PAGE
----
When a brand new Zelda adventure was announced for the Nintendo DS in 2006, the 12,500 gamers attending the annual Game Developers Conference in San Jose, California immediately thought it would be the greatest game to ever grace Nintendo’s latest portable system. Accompanying the announcement was a trailer, a trailer which revealed that much of the game would be controlled via the stylus. A few months went by, and it became apparent that the entire game would be controlled solely by the touch screen, and the success of Phantom Hourglass was dependent on how well this new system worked. And something this big would present some pretty big changes, most notably in terms of gameplay.

Exploring the Land

Easily the most prominent change the touch screen permits is the simple way of how one gets around, and immediately players noticed how intuitive and fun stylus control really could be. Walking or running around was as easy as pointing in the direction you wanted to go. Moving was crisp and smooth, not the slightest bit awkward or uncomfortable. A few things do take a while to get used to, rolling especially, but after a few minutes with the game it all feels second nature. And that’s a good thing – there are plenty of dungeons to be explored.

Roaming through a handful of the game’s temples reveals that there is a multitude of new puzzles awaiting fans of the series. A majority of these puzzles come from touch control: tracing a unique path with the boomerang to hit objects spread across the screen, sketching notes and locations of treasure on maps, and drawing symbols on doors to advance further into the dungeon. That’s only the tip of the iceberg – Phantom Hourglass has some tricks up its sleeve that will certainly have you racking your brain trying to remember all of the DS’s unique features.

Remember the old days when you simply pressed the B button to slice up an enemy? Those days are over now that the touch screen reigns supreme. Now, when a pesky Red ChuChu stands it your way, just give ‘em a tap and he’s taken care of. One of those nasty Moldorm slithering around your ankles? Draw a few lines to slash up his weak spot and he’s done for. And if you’re surrounded by a group of Keese, sketching a few quick circles on the touch screen will launch a deadly spin attack, sending the group off to the great bat cave in the sky.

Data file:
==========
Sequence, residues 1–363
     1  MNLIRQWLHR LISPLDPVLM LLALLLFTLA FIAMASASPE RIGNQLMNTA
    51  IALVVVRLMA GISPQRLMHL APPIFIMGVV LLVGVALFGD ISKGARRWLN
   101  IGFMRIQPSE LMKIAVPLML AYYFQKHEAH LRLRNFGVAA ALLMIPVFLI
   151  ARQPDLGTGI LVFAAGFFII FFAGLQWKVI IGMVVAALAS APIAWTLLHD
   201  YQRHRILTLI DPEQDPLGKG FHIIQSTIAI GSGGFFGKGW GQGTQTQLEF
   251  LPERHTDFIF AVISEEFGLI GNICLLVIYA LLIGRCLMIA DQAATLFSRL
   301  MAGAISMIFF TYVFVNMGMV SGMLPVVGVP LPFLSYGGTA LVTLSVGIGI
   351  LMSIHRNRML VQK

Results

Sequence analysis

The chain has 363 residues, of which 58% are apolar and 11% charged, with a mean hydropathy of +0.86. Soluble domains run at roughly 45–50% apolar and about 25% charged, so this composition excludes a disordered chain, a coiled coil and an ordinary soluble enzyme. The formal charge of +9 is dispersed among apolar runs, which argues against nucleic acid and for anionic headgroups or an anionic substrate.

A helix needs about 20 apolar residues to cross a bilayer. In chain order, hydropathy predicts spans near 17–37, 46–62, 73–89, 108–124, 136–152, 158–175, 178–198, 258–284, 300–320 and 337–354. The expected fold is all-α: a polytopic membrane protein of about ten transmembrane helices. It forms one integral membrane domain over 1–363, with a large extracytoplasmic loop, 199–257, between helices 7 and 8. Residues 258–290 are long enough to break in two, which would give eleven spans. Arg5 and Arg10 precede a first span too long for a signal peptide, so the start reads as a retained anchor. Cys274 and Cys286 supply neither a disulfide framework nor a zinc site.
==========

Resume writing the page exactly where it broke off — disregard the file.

Link introducing his sword to a common enemy

The sword isn’t the only weapon in the game, of course, and Phantom Hourglass succeeds in reinventing some of the items found in previous titles. The boomerang, a weapon introduced in the original Zelda, gets a drastic overhaul this time around. Before, the boomerang could only be thrown in a single, linear direction. Now, the path of the classic weapon can be as accurate as the player wants it to be. Gamers can equip the boomerang and take out an enemy in ambush waiting around a corner, knock out multiple enemies in one single throw, carry fire to light multiple torches, and hit far-off switches hidden on platforms or ledges.

As you might have expected, other items received massive overhauls as well. With the bow equipped, all you need to do is touch the screen in whatever direction you want to shoot an arrow. Another classic item, the hammer, is controlled by Ciela this time around, but is still just as painful as you may expect. The bombchu has evolved so that it can now scurry across complex paths drawn by the player, hitting switches and blowing up baddies. An item from The Wind Waker, the grappling hook, now creates bridge-like structures used as a tightrope of sorts, allowing the player to reach previously unreachable areas. The bow can even be used while walking across the grappling hook, creating even more types of puzzles. It should be noted that all of these weapons and items can be conveniently accessed by pressing the L-button if you’re right handed, or the R-button if you’re a southpaw.